What you do in your spare time can help protect you from the effects of aging. A study from the Mayo Clinic in Rochester, Minnesota finds that people who engage in arts and crafts, socialize, and use computers in middle and old age are less likely to develop memory problems and other cognitive impairments in old age. Adults aged 85 and over are the fastest growing demographic in the United States. This study is important because it offers a way for the growing population of older adults to maintain their quality of life and limit the risk of mild cognitive impairment (MCI).
The researchers surveyed 265 adults with an average age of 87. All of the participants were free of memory and cognitive impairments at the outset of the study. The researchers asked the participants to report on their involvement in activities related to arts, crafts, social life, and computer use. The participants reported engaging in painting, woodworking, socializing with friends, using the internet, and more.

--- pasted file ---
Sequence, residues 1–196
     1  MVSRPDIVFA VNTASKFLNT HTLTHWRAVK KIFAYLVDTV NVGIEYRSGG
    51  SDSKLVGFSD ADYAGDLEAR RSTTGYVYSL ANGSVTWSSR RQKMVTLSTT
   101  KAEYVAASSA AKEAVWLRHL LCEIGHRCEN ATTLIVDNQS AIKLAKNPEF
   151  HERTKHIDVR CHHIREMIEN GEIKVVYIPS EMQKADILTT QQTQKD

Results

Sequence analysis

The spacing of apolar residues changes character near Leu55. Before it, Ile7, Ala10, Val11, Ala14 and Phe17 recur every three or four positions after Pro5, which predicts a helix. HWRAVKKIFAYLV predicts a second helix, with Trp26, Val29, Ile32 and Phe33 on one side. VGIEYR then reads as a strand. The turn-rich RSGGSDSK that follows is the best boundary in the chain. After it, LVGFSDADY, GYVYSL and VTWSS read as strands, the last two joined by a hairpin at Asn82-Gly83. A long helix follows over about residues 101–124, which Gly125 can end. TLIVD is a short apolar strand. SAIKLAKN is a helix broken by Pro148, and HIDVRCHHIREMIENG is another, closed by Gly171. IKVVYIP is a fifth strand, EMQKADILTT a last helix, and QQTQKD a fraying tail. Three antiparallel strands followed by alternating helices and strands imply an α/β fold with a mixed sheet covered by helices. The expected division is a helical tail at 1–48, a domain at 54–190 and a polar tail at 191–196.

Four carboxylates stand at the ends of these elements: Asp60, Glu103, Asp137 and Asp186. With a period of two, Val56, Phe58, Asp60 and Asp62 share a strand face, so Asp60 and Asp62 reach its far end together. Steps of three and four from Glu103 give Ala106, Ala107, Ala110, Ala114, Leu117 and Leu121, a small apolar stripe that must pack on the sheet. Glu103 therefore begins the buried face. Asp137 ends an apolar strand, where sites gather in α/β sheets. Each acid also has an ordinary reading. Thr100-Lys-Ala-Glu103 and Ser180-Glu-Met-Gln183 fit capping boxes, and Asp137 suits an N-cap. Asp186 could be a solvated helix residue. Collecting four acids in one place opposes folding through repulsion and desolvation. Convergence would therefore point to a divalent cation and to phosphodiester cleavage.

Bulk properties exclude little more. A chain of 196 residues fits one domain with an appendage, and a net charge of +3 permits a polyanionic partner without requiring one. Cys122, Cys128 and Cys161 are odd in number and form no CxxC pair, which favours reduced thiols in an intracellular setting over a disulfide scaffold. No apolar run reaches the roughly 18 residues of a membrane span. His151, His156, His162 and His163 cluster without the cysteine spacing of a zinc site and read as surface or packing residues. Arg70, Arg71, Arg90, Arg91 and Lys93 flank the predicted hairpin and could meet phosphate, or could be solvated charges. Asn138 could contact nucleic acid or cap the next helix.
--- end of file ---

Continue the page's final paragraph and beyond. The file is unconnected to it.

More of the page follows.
After an average of four years, 121 of the participants developed MCI. The participants who engaged in activities had a reduced risk of developing MCI. Adults who in middle and old age:
- Participated in arts were 73 percent less likely to develop MCI.
- Participated in crafts were 45 less likely to develop MCI.
- Participated in social activities were 55 percent less likely to develop MCI.
- Participated in computer activities were 53 percent less likely to develop MCI.
Factors like high blood pressure, certain genetic profiles, and depression were related to an increased risk of MCI.
Study author Rosebud Roberts, MB, ChB, MS, states that, “Our study supports the idea that engaging the mind may protect neurons, or the building blocks of the brain, from dying, stimulate growth of new neurons, or may help recruit new neurons to maintain cognitive activities in old age.”
This research is published in the journal Neurology.
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